In 2012, a systematic review was conducted on the impacts of beaver dams on fishes and fish habitat (biased to North America (88%)). The most frequently cited benefits of beaver dams were increased habitat heterogeneity, rearing and overwintering habitat and flow refuge, and invertebrate production. Impeded fish movement because of dams, siltation of spawning habitat and low oxygen levels in ponds were the most often cited negative impacts. Benefits (184) were cited more frequently than costs (119).
A beaver dam has a certain amount of freeboard above the water level. When heavy rains occur, the river or lake fills up and the dam gradually releases the extra stored water. Often this is all that is necessary to reduce the height of the flood wave moving down the river, and will reduce or eliminate damage to human structures. Flood control is achieved in other ways as well. The surface of any stream intersects the surrounding water table. By raising the stream level, the gradient of the surface of the water table above the beaver dam is reduced, and water near the beaver dam flows more slowly into the stream. This further helps in reducing flood waves, and increases water flow when there is no rain. Beaver dams also smooth out water flow by increasing the area wetted by the stream. This allows more water to seep into the ground where its flow is slowed. This water eventually finds its way back to the stream. Rivers with beaver dams in their head waters have lower high water and higher low water levels.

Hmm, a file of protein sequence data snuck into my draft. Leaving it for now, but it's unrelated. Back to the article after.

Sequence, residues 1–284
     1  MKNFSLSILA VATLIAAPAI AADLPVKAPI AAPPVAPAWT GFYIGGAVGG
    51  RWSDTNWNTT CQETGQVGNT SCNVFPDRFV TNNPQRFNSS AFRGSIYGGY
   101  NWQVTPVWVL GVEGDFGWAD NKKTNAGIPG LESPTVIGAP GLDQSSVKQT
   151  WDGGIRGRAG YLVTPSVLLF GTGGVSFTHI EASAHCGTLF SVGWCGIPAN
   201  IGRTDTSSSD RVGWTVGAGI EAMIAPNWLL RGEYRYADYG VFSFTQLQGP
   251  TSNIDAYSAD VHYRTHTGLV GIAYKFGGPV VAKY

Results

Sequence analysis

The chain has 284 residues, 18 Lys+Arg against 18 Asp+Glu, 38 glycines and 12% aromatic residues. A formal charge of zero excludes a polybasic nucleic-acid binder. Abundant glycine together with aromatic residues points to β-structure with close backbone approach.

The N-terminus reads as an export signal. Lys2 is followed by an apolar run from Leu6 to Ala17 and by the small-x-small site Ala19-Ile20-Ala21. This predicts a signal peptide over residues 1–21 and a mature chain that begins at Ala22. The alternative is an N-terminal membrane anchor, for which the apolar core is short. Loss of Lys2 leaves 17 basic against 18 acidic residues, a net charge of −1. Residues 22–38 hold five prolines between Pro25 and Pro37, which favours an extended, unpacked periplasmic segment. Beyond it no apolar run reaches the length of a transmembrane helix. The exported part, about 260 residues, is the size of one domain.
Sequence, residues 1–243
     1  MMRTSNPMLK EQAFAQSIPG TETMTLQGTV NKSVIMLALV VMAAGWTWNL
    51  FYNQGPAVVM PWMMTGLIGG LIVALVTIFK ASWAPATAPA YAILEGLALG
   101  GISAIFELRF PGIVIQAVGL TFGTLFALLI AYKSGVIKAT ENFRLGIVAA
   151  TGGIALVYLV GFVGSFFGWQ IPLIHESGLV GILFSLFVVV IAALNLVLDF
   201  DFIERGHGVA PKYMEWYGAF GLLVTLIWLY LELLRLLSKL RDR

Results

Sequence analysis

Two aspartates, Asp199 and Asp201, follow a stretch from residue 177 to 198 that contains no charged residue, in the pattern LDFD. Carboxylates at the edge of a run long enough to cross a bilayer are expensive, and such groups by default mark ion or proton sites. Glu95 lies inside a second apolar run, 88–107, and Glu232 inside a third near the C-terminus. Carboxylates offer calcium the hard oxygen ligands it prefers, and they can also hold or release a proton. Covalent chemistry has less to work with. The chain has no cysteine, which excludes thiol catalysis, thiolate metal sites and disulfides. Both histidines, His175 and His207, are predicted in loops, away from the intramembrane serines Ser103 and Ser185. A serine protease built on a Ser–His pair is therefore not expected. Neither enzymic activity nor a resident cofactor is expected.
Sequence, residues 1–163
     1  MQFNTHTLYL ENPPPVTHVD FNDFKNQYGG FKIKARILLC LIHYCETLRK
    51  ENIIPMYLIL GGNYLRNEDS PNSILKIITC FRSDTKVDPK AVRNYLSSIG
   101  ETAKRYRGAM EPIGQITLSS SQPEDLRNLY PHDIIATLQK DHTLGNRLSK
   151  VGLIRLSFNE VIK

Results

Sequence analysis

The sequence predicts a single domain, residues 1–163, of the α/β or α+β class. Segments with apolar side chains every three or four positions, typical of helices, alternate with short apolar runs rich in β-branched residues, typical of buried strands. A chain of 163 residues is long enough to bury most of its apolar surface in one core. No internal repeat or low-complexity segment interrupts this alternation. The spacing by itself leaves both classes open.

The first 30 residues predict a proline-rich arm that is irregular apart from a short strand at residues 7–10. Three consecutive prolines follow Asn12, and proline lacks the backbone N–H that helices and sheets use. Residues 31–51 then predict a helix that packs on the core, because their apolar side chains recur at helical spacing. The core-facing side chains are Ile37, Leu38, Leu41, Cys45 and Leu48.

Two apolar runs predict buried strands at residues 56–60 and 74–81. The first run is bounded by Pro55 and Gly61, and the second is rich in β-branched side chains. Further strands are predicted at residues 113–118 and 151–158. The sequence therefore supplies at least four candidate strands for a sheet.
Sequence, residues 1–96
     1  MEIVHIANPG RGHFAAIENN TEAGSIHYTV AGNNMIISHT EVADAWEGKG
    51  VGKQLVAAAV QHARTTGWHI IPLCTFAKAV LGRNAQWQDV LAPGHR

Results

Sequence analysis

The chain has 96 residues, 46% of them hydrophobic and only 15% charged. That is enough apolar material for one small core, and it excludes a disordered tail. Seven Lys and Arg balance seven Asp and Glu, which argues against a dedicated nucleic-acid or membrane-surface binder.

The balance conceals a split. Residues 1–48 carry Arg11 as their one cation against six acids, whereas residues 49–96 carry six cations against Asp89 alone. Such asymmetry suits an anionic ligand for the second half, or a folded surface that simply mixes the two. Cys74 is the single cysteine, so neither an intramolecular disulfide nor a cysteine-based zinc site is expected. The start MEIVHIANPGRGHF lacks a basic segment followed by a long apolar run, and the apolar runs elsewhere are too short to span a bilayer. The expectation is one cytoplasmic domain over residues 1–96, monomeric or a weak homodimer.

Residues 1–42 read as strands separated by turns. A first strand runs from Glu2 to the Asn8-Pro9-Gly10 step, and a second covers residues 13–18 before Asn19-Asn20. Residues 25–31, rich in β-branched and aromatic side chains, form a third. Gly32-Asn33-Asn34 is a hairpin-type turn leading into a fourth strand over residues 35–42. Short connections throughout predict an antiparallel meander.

Excess nutrient removal
Beaver ponds can cause the removal of nutrients from the stream flow. Farming along the banks of rivers often increases the loads of phosphates, nitrates and other nutrients, which can cause eutrophication and may contaminate drinking water. Besides silt, the beaver dam collects twigs and branches from the beavers' activity and leaves, notably in the fall. The main component of this material is cellulose, a polymer of β-glucose monomers (This creates a more crystalline structure than is found in starch, which is composed of α-glucose monomers. Cellulose is a type of polysaccharide.) Many bacteria produce cellulase which can split off the glucose and use it for energy. Just as algae get their energy from sunlight, these bacteria get their energy from cellulose, and they form the base of a very similar food chain. However, a source of energy is not enough for growth. These bacterial populations face serious shortages of nitrogen and phosphorus compounds, and will absorb these nutrients as they pass by in the water stream. In this way, these and other nutrients are fixed into the beaver pond and the surrounding ecology, and are removed from the stream.
Pesticide and herbicide removal
Agriculture also introduces herbicides and pesticides into streams. Some of these toxicants are metabolized and decomposed by the bacteria in the cellulose-rich bottom of a beaver dam.